Nutrition beliefs and values!

This is a post I have been meaning to write for a while. As a nutritionist and a Mum with high school kids, I often get asked questions on my beliefs and practices on food. The most common one: “Do I eat and serve healthy meals at all times?”
To be honest, I don’t. I believe in a balance.

Here are some of my personal tips to enjoy eating while staying healthy.

Love plants, add plants and eat plants in as many ways as you can!
As Michael Pollan said, β€œEat food. Not too much. Mostly plants.” I follow this everyday, for example, breakfast on a Monday morning will be a porridge of oats, mixed vegetables, seasoned with salt and pepper, served steaming hot. Warms the body on a cold Melbourne winter day and keeps us full for a good two-and-a-half hours.
I pack cucumber and carrot sticks in the lunch box, add cherry tomatoes for variety and sometimes will add mixed leafy greens. This routine seldom changes. What has this achieved? My kids eat veggies either raw or cooked without a fuss.

Recognise your hunger cues!
This is a big one and is put to test every school holidays. My kids do eat more when they are at home buuuut they do get veggie and fruit platters along with the chips, cookies and chocolates. We have conversations on hunger which go something like this, Are you bored or just hungry? Can you play for a little while longer? How about a glass of water? Would you like to make yourself a snack? Often, these questions makes you aware of your hunger and leads to being more aware of your choices. Just as an aside, please do not leave it too late to eat, this will make you binge on food, which defeats the purpose!

Shall we get takeaway tonight?
Yessss! I love Friday nights ’cause it is takeaway night. Could be anything, chicken and chips, curry or pizza. Can you make this healthier? Of course, add a salad! We generally skip the drinks offered and stick to water.
Takeaway is something that we all enjoy however adding salads and losing the sugary drinks can ensure it has a healthy kick to it too!

We eat food not nutrients!
I cannot emphasise this enough. This was THE take home message from my nutrition studies. I have never forgotten this. We often hear discussions between popular figures which labour on the benefits of saturated fat, draw comparison between diets low in carbs and high in fats…..and so forth. The result is we get confused! What should we eat? Is this okay to eat butter or extra virgin olive oil?
The truth is, we eat food not one single nutrient, so it is more important to look at our overall diet. A standard diet plan sourced from the Internet will not factor in your personal likes/dislikes, culture, goals, beliefs, and limitations. Only a qualified nutritionist will deliver a personalised plan that ensures your enjoyment while keeping you healthy.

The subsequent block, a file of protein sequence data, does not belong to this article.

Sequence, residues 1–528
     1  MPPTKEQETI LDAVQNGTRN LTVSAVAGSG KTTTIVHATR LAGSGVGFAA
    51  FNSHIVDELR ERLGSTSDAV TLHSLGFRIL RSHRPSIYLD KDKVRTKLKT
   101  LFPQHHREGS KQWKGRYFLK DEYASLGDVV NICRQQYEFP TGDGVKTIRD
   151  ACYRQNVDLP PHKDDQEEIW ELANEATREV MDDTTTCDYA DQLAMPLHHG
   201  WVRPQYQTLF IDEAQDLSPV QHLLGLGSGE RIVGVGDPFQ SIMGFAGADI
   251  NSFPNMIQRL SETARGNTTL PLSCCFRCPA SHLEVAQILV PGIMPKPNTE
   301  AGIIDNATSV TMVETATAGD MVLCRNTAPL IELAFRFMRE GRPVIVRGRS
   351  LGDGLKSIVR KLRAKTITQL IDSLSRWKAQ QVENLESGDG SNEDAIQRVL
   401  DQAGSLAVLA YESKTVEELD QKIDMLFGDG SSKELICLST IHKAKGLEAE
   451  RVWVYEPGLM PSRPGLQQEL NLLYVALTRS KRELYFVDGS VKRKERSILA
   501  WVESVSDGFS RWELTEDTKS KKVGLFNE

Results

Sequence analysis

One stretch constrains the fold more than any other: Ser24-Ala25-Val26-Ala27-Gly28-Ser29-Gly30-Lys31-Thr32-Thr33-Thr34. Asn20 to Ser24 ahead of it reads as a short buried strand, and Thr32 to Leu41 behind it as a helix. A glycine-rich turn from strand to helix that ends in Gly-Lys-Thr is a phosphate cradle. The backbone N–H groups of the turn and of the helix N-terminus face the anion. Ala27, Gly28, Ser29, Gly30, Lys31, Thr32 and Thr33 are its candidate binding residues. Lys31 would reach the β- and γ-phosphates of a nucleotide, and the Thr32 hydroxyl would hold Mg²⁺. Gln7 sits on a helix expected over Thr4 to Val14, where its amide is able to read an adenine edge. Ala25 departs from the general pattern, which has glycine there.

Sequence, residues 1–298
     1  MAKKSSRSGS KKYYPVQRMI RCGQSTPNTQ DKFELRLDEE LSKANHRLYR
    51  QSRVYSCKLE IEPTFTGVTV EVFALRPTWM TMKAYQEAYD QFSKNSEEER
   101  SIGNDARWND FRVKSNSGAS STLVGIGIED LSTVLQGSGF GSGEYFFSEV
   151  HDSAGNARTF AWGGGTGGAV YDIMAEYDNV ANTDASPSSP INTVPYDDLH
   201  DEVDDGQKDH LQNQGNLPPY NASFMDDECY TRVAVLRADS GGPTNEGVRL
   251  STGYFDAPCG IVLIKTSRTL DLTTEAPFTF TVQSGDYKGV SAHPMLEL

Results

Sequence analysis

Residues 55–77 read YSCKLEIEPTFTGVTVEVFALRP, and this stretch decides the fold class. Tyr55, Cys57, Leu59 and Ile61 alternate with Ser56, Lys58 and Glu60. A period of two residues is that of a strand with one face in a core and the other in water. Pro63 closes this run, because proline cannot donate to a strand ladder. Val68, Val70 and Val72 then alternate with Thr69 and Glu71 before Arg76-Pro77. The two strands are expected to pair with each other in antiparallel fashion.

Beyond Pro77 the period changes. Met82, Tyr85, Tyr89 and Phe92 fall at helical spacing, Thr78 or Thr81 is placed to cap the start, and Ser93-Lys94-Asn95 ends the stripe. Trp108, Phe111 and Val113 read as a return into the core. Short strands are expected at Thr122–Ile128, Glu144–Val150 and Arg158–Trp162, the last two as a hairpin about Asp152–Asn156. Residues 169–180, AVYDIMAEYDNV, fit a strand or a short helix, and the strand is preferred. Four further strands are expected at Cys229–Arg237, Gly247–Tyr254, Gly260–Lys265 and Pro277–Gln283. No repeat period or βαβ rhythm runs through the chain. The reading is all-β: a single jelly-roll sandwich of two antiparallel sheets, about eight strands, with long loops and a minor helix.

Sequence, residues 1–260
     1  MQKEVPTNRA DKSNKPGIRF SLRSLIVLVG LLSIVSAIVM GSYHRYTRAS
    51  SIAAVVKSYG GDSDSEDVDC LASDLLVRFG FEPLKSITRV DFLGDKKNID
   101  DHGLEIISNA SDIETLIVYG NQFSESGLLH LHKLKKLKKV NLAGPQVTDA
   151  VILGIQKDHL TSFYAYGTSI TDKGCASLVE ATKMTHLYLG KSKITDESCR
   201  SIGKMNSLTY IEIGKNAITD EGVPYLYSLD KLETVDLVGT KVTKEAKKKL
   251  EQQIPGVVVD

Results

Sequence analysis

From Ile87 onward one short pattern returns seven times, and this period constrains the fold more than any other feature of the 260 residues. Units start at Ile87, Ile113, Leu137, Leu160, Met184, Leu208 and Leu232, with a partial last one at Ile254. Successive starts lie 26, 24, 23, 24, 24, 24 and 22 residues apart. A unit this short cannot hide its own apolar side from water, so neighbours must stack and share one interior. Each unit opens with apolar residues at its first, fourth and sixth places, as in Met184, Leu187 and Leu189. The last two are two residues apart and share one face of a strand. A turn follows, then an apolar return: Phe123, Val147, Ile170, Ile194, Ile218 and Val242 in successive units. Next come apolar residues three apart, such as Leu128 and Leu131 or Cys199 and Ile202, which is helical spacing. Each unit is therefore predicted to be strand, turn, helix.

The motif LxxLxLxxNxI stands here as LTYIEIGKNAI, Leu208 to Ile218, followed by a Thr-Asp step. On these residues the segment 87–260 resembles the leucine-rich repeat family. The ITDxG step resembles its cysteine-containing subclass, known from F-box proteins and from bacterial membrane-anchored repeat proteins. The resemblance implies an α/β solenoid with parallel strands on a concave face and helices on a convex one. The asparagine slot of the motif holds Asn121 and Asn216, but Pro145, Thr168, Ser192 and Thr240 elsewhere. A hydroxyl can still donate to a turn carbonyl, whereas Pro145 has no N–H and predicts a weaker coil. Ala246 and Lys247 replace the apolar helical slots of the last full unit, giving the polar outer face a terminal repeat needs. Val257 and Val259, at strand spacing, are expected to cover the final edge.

See a qualified nutritionist who resonates with your goals and beliefs! Organise your personalised consult here πŸ™‚

 

Kosambri using bananas, another traditional food!

I have lovely memories of bananas growing near the washing stone in the backyard of our traditional house. We called the house ‘Mishin Mane’, a Kannada word for Machine House. My cousin would wash clothes in bucketloads and throw the water to the bananas, which grew profusely.
My mother makes Kosambri with ripe bananas, kosambri in Kannada is for salad, and in Marathi we call it Koshambir.
This is an easy snack and flavoured with lemon and salt. The seasoning of mustard, cumin seeds, black gram (urad dal), yellow split gram (chana dal), chopped green chillies, asafoetida and curry leaves adds the piquant flavour to the dish. Freshly grated coconut garnish is a must, evoking the taste of the tropics. In Melbourne, I buy frozen grated coconut from the Indian or Sri Lankan grocer.
Just chop the ripe bananas into rounds, mix with lemon juice and salt to taste. In a small saucepan or a kadai, heat a spoonful (up to 2 tsp) of oil (I use sesame oil), add mustard and cumin seeds to splutter, add the grams, chillies, asafoetida and curry leaves. Now add this seasoning to the bananas with chopped coriander and fresh coconut as a garnish.

Steamed rice dumplings

Steamed rice dumplings

Now that my Mum is here, we are revisiting traditional Indian recipes. Being plant-based, it is more fun to batch cook, saves us time and energy over the week. These are our version of Kolakattais or steamed rice dumplings. A great idea for school snacks.

You will need 2 cups of coarse rice flour; 1/2 red onion finely chopped; 1 green chilly finely chopped; 1/2 cup packed chopped coriander; 1/2 cup of grated fresh coconut; 2 tsp white sesame seeds; 1tsp cumin seeds and salt to taste. Now mix the flour with these seasonings and add 1/2 cup of buttermilk to resemble breadcrumbs. Add 1/2 cup of water (slowly, a tablespoon at a time) to gather into a ball. The dough must be moist but not wet. Now, make small oval dumplings, lay them on a steel plate and steam in the cooker for about 10-12 minutes.

In Melbourne, I use ‘Puttu Podi’ which is available in any Indian or Sri Lankan grocery. Steaming can be done in a bamboo basket or a vegetable steamer, just make sure no water touches the dumplings, while steaming.